What is it like to be a single mom with primary custody? I thought you’d never ask.
It is a lot like the first paragraph of Dickens’s A Tale of Two Cities. It is all. the. things.
Being a single mom is a lot like being any kind of mom in the sense that you have overwhelming love for these incredibly innocent, vulnerable, and beautiful creatures that are entirely dependent on you.
Being a single mom comes with a little bit of extra mom guilt because you feel bad that your children are living in a split home even though you know in your mind it is better than what their reality was before the divorce. But you know the ideal would be a together happy peaceful family, and it breaks your heart because you cannot provide them the ideal.
It is extremely physically exhausting. You wake up at 5:00 am or so and you do not sit down until 9:30 pm. You suddenly have to do everything, like literally everything, on your own. Before you got divorced, you probably thought you did everything. And goodness knows you probably did 90% of the things because if there is one place that still has a glass ceiling, it is most definitely the institution of marriage, amirite?
But now you are literally doing everything. You are the one taking out the trash. You are the one writing the checks. You are the one cleaning out the carseats. You are the one getting the mail. You are the one pulling the barrels to the road. And sometimes you are so exhausted you can not even make yourself get up to turn out the light.
Suddenly money matters more because you are now financially dependent only on yourself and whatever child support you are receiving, which likely barely even pays for daycare. But, you also suddenly have less time to work to make that money. Being a single mom impacts your career even more than before when you were a married mom. You are the one taking off for the sick days every single time. You are the one doing doctor’s appointments. You have to leave when daycare closes, no exceptions. You have zero backup and little flexibility to stay late or work on the weekends because you do not have a partner to keep your kids.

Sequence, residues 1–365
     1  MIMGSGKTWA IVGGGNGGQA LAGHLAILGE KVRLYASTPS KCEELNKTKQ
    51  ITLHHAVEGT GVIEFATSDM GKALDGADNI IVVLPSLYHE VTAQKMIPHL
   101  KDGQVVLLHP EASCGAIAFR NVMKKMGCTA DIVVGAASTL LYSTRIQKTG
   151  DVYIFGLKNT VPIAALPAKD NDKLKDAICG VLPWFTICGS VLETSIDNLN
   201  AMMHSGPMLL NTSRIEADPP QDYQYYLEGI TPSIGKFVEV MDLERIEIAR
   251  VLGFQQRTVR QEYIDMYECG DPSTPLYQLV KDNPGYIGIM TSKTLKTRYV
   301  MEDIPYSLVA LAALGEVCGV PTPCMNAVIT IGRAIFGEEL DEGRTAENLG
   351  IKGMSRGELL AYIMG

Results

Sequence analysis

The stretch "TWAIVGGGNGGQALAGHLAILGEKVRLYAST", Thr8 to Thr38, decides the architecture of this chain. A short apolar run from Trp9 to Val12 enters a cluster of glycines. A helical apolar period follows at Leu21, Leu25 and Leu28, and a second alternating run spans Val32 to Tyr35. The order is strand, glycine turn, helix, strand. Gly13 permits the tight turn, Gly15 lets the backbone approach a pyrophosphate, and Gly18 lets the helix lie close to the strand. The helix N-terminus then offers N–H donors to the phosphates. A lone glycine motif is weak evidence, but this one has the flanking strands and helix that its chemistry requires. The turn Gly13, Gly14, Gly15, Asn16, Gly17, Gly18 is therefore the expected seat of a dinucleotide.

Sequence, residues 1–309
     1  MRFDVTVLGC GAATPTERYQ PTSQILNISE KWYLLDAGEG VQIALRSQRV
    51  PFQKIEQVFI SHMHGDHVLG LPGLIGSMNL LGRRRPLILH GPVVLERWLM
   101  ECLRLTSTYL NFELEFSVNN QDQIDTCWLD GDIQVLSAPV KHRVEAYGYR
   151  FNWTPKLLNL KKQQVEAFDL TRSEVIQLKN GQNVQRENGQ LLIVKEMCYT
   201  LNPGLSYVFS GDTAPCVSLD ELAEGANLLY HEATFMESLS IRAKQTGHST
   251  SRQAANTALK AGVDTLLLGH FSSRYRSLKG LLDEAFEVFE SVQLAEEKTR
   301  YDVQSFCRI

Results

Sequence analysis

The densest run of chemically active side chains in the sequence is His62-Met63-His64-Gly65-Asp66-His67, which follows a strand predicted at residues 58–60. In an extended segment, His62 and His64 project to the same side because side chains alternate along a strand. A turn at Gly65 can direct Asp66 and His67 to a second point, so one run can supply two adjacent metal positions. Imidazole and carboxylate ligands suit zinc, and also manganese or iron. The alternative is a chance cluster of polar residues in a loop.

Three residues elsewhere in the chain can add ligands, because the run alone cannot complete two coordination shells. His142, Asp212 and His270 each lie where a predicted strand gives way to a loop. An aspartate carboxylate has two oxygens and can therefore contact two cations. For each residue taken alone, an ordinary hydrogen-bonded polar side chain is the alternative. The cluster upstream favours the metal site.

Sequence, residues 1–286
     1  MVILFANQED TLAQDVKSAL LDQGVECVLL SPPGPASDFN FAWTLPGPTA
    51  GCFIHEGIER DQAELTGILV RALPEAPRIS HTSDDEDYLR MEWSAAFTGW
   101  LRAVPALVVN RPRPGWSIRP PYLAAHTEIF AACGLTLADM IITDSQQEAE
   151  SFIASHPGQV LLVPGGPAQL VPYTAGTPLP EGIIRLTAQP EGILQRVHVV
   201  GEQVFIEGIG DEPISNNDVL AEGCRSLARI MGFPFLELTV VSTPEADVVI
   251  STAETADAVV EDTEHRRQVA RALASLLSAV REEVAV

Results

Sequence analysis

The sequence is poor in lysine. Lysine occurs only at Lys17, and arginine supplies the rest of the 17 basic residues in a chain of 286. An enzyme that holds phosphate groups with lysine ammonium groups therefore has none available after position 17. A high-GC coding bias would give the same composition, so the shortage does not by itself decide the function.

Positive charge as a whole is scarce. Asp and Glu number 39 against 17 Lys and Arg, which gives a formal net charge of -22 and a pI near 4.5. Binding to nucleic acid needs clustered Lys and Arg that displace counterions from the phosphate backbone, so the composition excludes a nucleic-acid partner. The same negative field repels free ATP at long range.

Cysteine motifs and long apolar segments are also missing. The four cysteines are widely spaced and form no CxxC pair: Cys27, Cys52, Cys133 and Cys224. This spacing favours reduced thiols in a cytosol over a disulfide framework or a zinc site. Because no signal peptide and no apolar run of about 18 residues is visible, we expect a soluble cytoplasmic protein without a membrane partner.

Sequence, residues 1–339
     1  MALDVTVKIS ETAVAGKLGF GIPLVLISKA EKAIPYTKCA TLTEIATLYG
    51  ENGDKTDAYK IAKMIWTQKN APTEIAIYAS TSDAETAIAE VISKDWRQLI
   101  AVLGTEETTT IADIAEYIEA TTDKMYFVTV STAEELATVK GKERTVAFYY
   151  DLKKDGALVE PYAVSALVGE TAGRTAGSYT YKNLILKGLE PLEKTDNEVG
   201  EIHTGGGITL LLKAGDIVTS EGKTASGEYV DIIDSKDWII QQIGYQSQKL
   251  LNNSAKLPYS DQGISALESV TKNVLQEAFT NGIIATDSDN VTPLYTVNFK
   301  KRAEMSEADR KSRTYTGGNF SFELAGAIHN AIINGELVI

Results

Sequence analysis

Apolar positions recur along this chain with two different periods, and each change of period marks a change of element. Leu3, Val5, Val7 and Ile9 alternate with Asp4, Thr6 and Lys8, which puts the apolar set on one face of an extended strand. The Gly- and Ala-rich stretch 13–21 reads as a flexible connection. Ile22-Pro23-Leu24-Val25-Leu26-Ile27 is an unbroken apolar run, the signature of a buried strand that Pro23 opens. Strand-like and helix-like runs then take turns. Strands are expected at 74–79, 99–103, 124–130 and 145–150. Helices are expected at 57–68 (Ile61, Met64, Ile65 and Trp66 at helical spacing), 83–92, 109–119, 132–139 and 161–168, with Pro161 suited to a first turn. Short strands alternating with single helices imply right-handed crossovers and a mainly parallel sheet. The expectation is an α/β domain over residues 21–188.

You have to pay someone cash to even be able to exercise for an hour. It starts to make you feel a little bonkers, like the walls are closing in.
But even with the exhaustion, on the rare nights when your children are away with their father, you miss them deeply. You ache for them. Your house is suddenly quiet and lonely and dull. You cannot sleep when they are gone. You remember the last ten days when you have been desperate for one single second without someone needing you and crying for you and crawling on you, and you kick yourself for ever feeling that way because your children are gone and you want them back.
You grow as a human being more rapidly than you could ever imagine. Your children are the iron, and they are sharpening you. You develop a pride in yourself like you have never had because you are doing things you could never imagine. You wake up at 5:00 am to exercise and pay a babysitter so you can. You cook the kids’ breakfast. You dress them. You pack their lunch. You take them to daycare. You go do your job. You pick them up. You make them amazing memories. Then you give them their baths. You put them in their pajamas. You read to them and say their prayers. You rock them to sleep. And then you fold the laundry. And you empty the dishwasher. And you sweep the floors. And then it is 9:30. And you know, you absolutely know, that you have lived today.